Public Health Surveillance in the Twenty-First Century: Achieving Population Health Goals While Protecting Individuals’ Privacy

Stoto, M.A. Public Health Surveillance in the Twenty-First Century: Achieving Population Health Goals While Protecting Individuals’ Privacy and Confidentiality. Georgetown Law Journal, 2008, 96:2, 703-719.

Surveillance, a core function of public health, is defined as “ongoing, systematic collection, analysis, and interpretation of health data essential to the planning, implementation, and evaluation of public health practice, closely integrated with the timely dissemination of these data to those who need to know.”1 In the context of a session that addresses how data and information can and should inform public health policy and practice, this discussion of surveillance calls attention to the disclosure and use of personal health information. In particular, public health surveillance programs require a careful balance between the development of statistical and epidemiological data and knowledge that are essential to achieving population health goals and the protection of individuals’ privacy and confidentiality rights.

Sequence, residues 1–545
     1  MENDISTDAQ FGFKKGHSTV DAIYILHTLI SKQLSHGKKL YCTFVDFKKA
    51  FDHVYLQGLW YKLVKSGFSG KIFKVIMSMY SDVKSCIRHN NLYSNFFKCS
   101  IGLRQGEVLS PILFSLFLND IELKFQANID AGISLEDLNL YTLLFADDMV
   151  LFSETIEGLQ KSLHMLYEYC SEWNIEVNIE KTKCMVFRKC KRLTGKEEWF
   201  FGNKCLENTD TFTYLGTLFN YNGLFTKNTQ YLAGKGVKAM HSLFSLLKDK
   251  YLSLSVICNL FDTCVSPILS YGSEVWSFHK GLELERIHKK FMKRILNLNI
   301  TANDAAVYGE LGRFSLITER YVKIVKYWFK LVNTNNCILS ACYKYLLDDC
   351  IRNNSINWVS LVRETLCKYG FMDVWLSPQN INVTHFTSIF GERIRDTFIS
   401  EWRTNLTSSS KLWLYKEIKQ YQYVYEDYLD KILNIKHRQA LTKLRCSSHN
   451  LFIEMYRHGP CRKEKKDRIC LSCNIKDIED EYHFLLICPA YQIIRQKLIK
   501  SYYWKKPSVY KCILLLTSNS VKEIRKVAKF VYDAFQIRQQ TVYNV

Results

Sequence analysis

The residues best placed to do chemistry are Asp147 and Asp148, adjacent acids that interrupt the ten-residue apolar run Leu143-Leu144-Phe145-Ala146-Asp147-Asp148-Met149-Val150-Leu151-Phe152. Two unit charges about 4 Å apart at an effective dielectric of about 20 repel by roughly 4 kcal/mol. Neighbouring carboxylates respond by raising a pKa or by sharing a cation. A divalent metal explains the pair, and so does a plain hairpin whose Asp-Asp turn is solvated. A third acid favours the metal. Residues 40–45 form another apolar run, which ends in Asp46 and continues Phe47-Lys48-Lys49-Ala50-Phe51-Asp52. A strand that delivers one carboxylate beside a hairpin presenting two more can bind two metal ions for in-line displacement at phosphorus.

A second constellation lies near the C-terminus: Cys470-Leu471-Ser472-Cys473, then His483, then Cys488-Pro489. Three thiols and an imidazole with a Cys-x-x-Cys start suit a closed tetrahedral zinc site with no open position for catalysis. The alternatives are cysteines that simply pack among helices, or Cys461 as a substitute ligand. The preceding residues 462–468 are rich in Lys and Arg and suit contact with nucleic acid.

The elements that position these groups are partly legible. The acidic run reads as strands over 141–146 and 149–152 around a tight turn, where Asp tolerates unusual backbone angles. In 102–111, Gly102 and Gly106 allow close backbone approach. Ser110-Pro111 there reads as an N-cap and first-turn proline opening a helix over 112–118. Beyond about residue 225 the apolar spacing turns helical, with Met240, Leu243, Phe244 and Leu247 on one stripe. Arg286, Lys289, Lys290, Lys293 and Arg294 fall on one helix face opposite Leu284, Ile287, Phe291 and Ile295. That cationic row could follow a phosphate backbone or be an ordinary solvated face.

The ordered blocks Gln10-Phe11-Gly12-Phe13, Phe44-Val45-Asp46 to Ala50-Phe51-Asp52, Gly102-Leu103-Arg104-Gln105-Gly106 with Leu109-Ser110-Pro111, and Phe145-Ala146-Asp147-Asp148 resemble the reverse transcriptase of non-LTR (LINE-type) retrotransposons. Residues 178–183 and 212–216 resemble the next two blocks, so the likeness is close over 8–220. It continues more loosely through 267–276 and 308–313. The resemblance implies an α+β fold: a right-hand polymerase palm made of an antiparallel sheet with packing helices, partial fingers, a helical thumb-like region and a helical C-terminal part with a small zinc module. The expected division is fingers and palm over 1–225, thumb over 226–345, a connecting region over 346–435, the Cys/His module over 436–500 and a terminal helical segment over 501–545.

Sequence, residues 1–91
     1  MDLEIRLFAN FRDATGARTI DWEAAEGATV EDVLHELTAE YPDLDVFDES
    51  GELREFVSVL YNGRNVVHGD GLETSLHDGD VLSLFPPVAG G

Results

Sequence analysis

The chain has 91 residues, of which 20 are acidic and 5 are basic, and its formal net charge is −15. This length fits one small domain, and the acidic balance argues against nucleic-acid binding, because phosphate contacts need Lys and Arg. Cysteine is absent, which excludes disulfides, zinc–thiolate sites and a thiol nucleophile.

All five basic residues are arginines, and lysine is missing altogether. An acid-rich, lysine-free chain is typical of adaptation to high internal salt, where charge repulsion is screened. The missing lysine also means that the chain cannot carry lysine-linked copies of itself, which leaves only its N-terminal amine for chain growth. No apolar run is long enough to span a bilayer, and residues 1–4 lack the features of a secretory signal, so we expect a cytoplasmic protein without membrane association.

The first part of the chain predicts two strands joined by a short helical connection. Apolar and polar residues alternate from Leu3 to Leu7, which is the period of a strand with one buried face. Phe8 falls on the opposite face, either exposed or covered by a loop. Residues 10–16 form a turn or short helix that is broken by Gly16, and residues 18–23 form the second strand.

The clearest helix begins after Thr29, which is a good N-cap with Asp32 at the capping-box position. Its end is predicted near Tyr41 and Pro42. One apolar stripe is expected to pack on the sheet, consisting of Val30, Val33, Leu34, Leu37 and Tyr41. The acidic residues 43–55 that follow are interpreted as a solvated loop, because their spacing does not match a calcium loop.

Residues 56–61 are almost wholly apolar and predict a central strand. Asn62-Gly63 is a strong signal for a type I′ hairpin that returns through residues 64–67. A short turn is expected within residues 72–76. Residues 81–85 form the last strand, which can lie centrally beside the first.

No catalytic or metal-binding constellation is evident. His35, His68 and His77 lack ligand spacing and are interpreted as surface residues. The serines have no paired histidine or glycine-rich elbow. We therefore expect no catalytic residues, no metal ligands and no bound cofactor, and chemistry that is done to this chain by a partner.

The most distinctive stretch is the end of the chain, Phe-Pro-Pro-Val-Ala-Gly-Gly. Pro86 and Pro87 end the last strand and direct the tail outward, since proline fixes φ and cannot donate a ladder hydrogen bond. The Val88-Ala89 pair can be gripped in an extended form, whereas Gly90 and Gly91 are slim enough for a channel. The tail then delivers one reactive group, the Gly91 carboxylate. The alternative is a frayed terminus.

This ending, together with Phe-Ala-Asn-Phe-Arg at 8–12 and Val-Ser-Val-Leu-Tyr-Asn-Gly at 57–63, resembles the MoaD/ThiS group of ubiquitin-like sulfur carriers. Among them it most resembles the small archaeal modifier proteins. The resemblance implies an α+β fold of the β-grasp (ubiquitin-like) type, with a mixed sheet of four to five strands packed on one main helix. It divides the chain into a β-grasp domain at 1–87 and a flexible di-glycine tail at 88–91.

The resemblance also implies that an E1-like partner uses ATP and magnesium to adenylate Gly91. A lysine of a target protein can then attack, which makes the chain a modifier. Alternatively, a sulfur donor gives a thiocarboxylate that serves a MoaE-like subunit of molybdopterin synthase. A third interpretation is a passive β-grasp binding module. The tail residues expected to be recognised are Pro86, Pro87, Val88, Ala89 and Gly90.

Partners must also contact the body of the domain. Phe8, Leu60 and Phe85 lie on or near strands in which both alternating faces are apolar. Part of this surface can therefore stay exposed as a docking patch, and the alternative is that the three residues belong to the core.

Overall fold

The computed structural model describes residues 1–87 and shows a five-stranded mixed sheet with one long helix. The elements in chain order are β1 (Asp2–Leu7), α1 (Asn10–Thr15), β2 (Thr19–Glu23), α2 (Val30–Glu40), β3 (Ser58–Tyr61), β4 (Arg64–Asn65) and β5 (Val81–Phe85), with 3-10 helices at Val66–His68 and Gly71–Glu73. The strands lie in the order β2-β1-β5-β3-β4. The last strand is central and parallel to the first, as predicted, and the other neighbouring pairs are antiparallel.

Free full-text article available at Georgetown Law Journal [pdf]

About the author: Dissent

Comments are closed.